Pueblo Foods Fights Disqualification from Food Stamp Program

by Peter Schmidtke – (en Espanol.)

“I fell back in my chair and I just about died.” Liduina “Nina” Estremera shook her head when she described her reaction to opening a letter in early October from the United States Department of Agriculture (USDA) ordering her to stop accepting food stamps from customers at her store, Pueblo Foods, 2029 N. Holton St. Since the USDA handed down the order in October, Pueblo Foods and its owner have struggled to make ends meet. Estremera said she has lost $75,000 in sales since October and has had to lay off six employees. The federal government’s food stamp program (FSP) enables low-income families to purchase food from authorized stores. An undercover investigator from the USDA recorded eight instances between February 28 and August 15, 2002 in which a cashier accepted food stamp credits for non-food items including alcohol. The investigator on one occasion also documented the cashier illegally exchanging food stamp benefits for cash. Estremera fired the cashier immediately after she was notified by mail by the USDA. Estremera, who has been accepting food stamps at her store without incident since 1989, hired a lawyer who submitted her case to the USDA’s national office. Her lawyer is requesting that the USDA reverse the disqualification based on both her existing employee training for food stamps in Spanish and English and the unique position that Pueblo Foods holds in Riverwest. According to data submitted to her lawyer by Don Sargent of the Northeast Milwaukee Industrial Development Corp.(NMIDC), Pueblo Foods is the only store that directly serves the 4,500 Hispanics who live in the Riverwest and Harambee neighborhoods. “As far as I know, her store is the only one in the area where employees speak both English and Spanish,” Sargent said. “It’s really difficult to get things at the big supermarkets if you only speak Spanish.” Supporting her lawyer’s argument were signatures from over 35 customers and letters from Sargent, Vince Bushell of the YMCA Community Development Corp., and Victor Huyke from El Conquistador, a local Spanish-language paper. Estremera does not believe she and her neighbors should be punished for the mistakes of one employee. “We trust our employees,” she said. “But we can’t watch them every second — otherwise we would work their job.” Kimberly Phillips, a spokesperson for the USDA who was unable to comment directly on Estremera’s case, said that in general, employers participating in the food stamp program are responsible for their employees. Phoebe Williams, an expert in labor law at Marquette University, said that employers are generally liable for an employee whenever federal violations occur within the normal scope of employment, like operating a cash register or cleaning the store. Estremera said she is also upset about how the USDA handled her case. “Why didn’t they alert me immediately in February and say ‘Something isn’t right here.’ Why didn’t they give me a warning first?” Phillips said that retailers who participate in the program “have been given training prior to that. They have already been given the do’s and don’ts.” The disqualification has affected Mildred Brown, who uses food stamps. “Pueblo has better hospitality, and good prices,” Brown said, unloading her cart. “I still buy a few things here, but I use the stamps at another store.” Evan Wright Jr., who lives on 60th and Capitol, said he uses food stamps at a larger supermarket and picks up a few things at Pueblo Foods. “I’d like to get everything here, but you have no choice– you have to eat. You get most of the food at the supermarket, but it’s not as good.” Estremera stocks Caribbean and Puerto Rican food that shoppers can find only in her store and on the south side of Milwaukee, including jerk seasoning, dried fish, green bananas, and cassava and pumpkin leaves. “Some stores don’t care about those things, but I do,” she said. Estremera is waiting to hear back from the USDA and will appeal in court if they uphold the disqualification. Riverwest Currents – Volume 2 – Issue 1 – January 2003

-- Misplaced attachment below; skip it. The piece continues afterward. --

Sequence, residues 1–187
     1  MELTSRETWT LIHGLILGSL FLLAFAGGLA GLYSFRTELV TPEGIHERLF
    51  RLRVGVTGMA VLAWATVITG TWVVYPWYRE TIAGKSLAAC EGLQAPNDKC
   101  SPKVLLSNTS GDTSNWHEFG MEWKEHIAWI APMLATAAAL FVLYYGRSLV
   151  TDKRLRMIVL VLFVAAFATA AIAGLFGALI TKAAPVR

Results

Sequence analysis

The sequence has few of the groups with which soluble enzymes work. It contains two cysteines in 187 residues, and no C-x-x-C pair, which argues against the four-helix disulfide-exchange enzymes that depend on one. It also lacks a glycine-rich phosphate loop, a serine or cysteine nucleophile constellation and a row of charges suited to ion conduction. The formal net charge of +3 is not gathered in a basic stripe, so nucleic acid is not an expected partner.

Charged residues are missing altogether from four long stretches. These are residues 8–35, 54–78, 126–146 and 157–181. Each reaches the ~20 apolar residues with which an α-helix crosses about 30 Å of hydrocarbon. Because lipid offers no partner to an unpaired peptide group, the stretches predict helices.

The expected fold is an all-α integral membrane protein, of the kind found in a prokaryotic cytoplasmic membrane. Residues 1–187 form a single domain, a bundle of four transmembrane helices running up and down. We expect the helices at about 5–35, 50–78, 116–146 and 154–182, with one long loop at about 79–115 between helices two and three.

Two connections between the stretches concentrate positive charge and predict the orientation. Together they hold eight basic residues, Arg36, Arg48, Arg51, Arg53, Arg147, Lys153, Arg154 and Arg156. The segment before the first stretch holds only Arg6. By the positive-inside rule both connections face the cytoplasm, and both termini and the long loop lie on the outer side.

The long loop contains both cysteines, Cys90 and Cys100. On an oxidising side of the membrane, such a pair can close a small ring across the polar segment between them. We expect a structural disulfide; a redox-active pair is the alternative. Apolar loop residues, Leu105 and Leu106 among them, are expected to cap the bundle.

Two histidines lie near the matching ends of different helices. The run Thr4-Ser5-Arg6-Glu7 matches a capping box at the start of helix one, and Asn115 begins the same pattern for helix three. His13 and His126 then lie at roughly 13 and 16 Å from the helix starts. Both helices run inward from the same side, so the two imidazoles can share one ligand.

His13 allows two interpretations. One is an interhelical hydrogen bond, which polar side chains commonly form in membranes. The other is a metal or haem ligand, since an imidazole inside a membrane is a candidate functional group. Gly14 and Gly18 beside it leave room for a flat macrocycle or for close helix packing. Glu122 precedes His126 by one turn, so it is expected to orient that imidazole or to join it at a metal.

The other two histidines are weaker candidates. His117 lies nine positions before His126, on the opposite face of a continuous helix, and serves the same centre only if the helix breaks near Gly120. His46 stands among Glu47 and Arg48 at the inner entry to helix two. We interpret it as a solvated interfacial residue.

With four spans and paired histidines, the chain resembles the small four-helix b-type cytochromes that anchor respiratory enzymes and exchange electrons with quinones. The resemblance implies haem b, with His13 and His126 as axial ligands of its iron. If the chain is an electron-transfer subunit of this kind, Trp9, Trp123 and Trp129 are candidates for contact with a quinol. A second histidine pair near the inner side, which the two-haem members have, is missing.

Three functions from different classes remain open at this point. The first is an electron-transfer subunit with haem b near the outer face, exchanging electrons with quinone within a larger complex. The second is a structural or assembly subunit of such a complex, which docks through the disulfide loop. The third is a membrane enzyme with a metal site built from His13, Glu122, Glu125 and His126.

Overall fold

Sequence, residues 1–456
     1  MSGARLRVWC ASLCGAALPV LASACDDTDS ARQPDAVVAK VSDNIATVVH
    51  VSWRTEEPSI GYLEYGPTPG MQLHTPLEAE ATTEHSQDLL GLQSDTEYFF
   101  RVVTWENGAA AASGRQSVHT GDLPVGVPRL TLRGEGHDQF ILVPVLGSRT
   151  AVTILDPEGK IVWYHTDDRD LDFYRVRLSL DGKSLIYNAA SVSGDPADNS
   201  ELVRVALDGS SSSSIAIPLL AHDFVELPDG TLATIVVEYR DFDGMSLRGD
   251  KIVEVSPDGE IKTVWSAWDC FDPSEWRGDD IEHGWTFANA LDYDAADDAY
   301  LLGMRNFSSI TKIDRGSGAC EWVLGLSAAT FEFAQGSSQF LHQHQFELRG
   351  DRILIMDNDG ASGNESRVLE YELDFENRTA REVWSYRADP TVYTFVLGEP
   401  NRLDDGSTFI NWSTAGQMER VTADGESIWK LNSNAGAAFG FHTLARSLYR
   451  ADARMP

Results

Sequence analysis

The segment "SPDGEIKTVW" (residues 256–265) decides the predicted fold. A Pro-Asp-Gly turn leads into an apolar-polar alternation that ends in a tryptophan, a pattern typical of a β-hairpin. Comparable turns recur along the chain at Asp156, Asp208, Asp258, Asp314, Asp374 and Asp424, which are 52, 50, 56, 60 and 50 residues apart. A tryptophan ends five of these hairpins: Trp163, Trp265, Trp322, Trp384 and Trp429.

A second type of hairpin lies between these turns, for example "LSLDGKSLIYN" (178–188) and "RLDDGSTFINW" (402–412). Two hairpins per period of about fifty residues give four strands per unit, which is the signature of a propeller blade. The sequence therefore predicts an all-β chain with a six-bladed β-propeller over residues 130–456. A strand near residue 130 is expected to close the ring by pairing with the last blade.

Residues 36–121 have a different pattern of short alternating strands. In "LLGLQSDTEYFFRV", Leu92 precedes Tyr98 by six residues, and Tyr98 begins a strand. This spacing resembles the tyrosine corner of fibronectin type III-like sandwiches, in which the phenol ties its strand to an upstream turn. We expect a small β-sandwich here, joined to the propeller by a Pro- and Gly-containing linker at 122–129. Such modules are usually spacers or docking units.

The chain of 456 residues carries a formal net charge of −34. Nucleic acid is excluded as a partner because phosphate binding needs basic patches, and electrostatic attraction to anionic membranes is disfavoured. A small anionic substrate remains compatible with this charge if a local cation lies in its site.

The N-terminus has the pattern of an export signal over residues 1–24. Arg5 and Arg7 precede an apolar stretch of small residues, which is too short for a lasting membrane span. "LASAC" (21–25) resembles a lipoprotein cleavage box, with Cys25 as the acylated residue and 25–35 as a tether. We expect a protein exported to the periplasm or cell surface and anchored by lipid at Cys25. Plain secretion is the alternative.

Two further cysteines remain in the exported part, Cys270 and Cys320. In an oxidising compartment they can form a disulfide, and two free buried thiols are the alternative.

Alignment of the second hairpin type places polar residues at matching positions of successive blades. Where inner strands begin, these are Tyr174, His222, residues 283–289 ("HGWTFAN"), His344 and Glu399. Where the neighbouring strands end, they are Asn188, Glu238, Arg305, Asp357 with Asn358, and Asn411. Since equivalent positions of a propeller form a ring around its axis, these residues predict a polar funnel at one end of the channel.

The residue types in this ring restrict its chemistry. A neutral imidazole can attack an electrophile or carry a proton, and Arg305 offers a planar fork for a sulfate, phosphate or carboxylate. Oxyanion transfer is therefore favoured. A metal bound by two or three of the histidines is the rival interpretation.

by Peter Schmidtke